China Gets Serious About Pollution


Amid the flood of news reports about appalling air quality in Beijing, polluted groundwater, and contaminated farmland, the Chinese government enacted tough new environmental regulations. This expansion of the country’s 1989 environmental protection law suggests that China is ready to get serious about fighting serious pollution problems that have accompanied many years of impressive economic growth.

The 47 articles that make up the existing law will be replaced by 70 articles to make environmental protection the basis of the country’s national policy, a statement on the government’s Web site said. The new environmental laws take effect on January 1, 2015.

Some of the new articles impose tougher punishments on polluters, says Barbara Finamore of the Natural Resources Defense Council. Punishment is only one aspect of the new law. The new laws will also offer legal protections for whistle-blowers as well as imposing fines or other punishments for violators. Company officials can be detained for up to 15 days if they are not in compliance with pollution laws. Offenders face daily fines. Local officials who falsify data or fail to enforce regulations can be demoted or dismissed.

Environmental nonprofits registered with the Chinese government will be able to file public interest lawsuits against polluting enterprises. Finamore says there about 300 organizations that would be able to file suits under the new law. This is a significant change since Chinese courts only refused to hear such cases in the past.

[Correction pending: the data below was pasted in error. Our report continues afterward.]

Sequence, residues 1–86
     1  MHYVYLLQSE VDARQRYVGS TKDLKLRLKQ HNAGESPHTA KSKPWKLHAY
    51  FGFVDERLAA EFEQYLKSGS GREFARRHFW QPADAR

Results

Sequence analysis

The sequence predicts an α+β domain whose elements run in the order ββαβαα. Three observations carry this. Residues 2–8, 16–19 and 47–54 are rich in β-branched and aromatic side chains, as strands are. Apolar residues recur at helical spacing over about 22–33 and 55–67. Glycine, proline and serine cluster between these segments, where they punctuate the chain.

Me Jun, head of the nonprofit Institute of Public and Environmental Affairs in Beijing, said the new laws have many good elements in them. For example, the laws discuss the sharing of environmental quality, pollution and information about public participation in enforcement. Those provisions establish basic rights to a clean and safe environment, Ma Jun said.

The new law comes amid concerns, at home and abroad, over increasingly severe pollution. The new laws are generally popular with environmentalists who have wanted China to get serious about pollution.

China has ongoing issues with soil contamination, water quality and air quality. The tough punishments were spurred at least in part by a Ministry of Land report that showed 60 percent of the nation’s groundwater was of poor or extremely poor quality. In 2013, air quality in Beijing failed to meet standards 52 percent of the time, according to a Ministry of Environmental Quality report. The winter of 2014 brought another long stretch of bad air days to Beijing and other Chinese cities.

A report issued last week by China’s government revealed that one-fifth of the nation’s farmland is polluted. Arsenic, cadmium, nickel, lead, mercury and pesticides contaminate the soil. Worse, the pollution is spreading rapidly.Groundwater contamination is widespread, as well.

Polluted air, soil and water have been linked to the Chinese government’s pursuit of rapid economic growth no matter the short-term cost. The energy use that drives that economic growth has made China the world’s largest greenhouse gas emitter, experts say. As a consequence, environmental issues have become a principal source of social and political unrest.

China’s pollution crisis affects areas beyond the country’s borders. A study released earlier this month showed that emissions from coal-fired power plants in China strengthened storms in the northwest Pacific, and altered the weather in the Northwestern United States. Today, storms over the northwest Pacific are 10 percent stronger than they were 30 years ago.

Some are skeptical of the new rules. Alex Wang, an assistant professor of law at UCLA cautions that China’s history of enforcing environmental regulations is not positive, so the burden is on regulators to prove that they are serious.

China’s new and tougher environmental laws take effect January 1, 2015. The country gets serious about pollution of air, water, and soil with these tough new laws.

By Chester Davis

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